9  the Occult / Communicating with the Dead / Re: Automatic writing on: June 18, 2010, 01:15:59 pm
http://en.wikisource.org/wiki/1911_Encyclop%C3%A6dia_Britannica/Automatic_Writing
10  the Occult / Communicating with the Dead / Re: Automatic writing on: June 18, 2010, 01:15:51 pm
Automatic writing frequently exhibits indications of telepathy. The most remarkable series of automatic writings recorded in this connexion are those executed by the American medium, Mrs Piper, in a state of trance (Proceedings S.P.R.). These writings appear to exhibit remarkable telepathic powers, and are thought by some to indicate communication with the spirits of the dead.

The opportunities afforded by automatic writing for communicating with subconscious strata of the personality have been made use of by Pierre Janet and others in cases of hystero-epilepsy, and other forms of dissociation of consciousness. A patient in an attack of hysterical convulsions, to whom oral appeals are made in vain, can sometimes be induced to answer in writing questions addressed to the hand, and thus to reveal the secret of the malady or to accept therapeutic suggestions.

[edit] See
Edmonds and Dexter, Spiritualism (New York, 1853).
Epes Sargent, Planchette, the Despair of Science (Boston, U.S.A., 1869).
Mrs de Morgan, From Matter to Spirit (London, 1863).
W. Stainton Moses, Spirit Teachings (London, 1883).
Proceedings S.P R. passim.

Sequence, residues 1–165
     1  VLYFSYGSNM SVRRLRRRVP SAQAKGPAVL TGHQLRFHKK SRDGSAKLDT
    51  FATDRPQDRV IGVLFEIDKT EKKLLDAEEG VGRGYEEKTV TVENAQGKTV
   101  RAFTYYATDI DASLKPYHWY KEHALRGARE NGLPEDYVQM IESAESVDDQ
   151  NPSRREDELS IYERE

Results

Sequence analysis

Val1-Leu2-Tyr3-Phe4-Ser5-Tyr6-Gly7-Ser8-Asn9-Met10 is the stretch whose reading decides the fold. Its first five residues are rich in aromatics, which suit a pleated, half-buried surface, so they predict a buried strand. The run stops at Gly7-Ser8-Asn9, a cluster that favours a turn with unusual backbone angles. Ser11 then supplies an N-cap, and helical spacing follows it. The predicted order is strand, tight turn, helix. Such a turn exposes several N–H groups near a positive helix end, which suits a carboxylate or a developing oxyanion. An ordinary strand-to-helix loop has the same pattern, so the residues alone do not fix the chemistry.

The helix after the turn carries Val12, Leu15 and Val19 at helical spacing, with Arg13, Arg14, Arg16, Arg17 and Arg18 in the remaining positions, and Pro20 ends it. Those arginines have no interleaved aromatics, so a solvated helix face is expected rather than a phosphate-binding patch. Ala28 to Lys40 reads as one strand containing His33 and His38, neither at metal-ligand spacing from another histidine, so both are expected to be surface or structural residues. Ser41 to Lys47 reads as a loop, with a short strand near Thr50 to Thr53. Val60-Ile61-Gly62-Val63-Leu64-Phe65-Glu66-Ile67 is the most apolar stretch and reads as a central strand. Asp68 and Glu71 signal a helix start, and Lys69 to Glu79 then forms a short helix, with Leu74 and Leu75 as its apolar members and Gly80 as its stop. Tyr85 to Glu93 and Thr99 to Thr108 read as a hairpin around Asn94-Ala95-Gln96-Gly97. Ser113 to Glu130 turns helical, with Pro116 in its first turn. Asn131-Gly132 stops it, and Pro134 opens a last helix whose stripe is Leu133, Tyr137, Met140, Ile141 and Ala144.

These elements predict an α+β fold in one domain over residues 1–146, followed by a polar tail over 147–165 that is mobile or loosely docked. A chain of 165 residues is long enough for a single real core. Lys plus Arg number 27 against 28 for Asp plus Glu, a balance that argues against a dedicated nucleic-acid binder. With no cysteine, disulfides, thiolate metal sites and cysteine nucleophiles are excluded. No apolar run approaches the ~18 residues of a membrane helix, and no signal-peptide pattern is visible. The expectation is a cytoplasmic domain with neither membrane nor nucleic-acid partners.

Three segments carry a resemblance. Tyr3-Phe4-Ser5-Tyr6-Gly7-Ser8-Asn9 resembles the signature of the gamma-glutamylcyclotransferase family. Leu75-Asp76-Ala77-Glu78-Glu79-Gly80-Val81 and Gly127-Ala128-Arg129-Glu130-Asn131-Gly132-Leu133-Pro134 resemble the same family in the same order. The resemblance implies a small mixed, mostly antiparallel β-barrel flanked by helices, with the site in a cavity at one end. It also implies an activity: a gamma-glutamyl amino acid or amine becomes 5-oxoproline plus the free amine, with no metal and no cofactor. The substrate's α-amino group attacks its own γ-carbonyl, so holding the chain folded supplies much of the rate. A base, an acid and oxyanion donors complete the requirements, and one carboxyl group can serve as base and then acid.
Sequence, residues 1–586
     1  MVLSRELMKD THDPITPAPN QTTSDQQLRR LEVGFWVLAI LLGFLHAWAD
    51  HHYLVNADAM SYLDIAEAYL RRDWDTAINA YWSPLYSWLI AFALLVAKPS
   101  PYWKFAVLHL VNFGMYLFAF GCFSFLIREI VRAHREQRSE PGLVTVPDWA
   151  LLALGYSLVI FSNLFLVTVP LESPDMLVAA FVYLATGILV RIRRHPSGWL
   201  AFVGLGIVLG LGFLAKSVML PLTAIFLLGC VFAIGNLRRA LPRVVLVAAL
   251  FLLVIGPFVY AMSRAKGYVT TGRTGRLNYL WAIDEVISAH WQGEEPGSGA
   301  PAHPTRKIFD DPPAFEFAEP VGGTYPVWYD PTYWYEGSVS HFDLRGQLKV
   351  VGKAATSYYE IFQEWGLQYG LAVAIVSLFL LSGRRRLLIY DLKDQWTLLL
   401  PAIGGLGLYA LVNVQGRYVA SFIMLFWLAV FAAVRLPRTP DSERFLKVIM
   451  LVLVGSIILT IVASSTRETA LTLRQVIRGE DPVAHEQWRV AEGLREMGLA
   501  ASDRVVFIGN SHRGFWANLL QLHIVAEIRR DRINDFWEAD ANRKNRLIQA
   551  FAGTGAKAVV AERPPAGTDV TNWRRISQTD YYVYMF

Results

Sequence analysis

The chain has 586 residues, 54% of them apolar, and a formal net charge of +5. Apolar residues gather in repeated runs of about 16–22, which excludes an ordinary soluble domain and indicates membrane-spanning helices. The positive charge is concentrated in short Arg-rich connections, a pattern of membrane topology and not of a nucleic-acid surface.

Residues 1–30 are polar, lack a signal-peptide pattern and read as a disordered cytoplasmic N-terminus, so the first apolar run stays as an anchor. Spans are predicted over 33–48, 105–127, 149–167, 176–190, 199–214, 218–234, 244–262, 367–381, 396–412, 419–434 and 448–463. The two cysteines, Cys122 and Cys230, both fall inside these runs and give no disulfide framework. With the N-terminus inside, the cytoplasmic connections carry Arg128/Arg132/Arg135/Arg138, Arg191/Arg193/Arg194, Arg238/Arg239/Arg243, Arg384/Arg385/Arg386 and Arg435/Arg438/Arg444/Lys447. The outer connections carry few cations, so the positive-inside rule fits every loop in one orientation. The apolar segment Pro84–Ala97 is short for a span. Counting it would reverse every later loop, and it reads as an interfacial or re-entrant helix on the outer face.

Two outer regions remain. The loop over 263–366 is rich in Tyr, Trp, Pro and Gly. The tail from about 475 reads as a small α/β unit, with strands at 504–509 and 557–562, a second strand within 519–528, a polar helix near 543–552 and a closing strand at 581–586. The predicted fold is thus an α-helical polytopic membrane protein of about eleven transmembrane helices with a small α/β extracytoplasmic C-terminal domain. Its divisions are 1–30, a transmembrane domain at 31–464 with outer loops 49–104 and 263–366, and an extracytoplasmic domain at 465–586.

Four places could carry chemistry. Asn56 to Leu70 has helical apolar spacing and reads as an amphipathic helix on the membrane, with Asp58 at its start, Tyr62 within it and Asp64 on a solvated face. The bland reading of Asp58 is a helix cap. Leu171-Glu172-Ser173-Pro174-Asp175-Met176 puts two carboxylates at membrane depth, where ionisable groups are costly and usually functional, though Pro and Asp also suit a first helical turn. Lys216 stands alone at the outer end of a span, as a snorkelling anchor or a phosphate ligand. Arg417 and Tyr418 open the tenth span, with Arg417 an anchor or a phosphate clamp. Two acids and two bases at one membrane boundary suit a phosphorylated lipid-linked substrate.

Th. Flournoy, Des Indes à la planète Mars (Geneva, 1900).
F. Podmore, Modern Spiritualism (London, 1902).
F. W. H. Myers, Human Personality (London, 1903).
Pierre Janet, L'Automatisme psychologique (2nd ed., Paris, 1894).
Morton Prince, The Dissociation of a Personality (London, 1906).
(F. P.)
Retrieved from "http://en.wikisource.org/wiki/1911_Encyclop%C3%A6dia_Britannica/Automatic_Writing"
11  the Occult / Communicating with the Dead / Re: Automatic writing on: June 18, 2010, 01:15:38 pm
1911 Encyclopædia Britannica
Automatic Writing

AUTOMATIC WRITING, the name given by students of psychical research to writing performed without the volition of the agent. The writing may also take place without any consciousness of the words written; but some automatists are aware of the word which they are actually writing, and perhaps of two or three words on either side, though there is rarely any clear perception of the meaning of the whole. Automatic writing may take place when the agent is in a state of trance, spontaneous or induced, in hystero-epilepsy or other morbid states; or in a condition not distinguishable from normal wakefulness. Automatic writing has played an important part in the history of modern spiritualism. The phenomenon first appeared on a large scale in the early days (c. 1850-1860) of the movement in America. Numerous writings are reported at that period, many of considerable length, which purported for the most part to have been produced under spirit guidance. Some of these were written in "unknown tongues." Of those which were published the most notable are Andrew J. Davis's Great Harmonia, Charles Linton's The Healing of the Nations, and J. Murray Spear's Messages from the Spirit Life.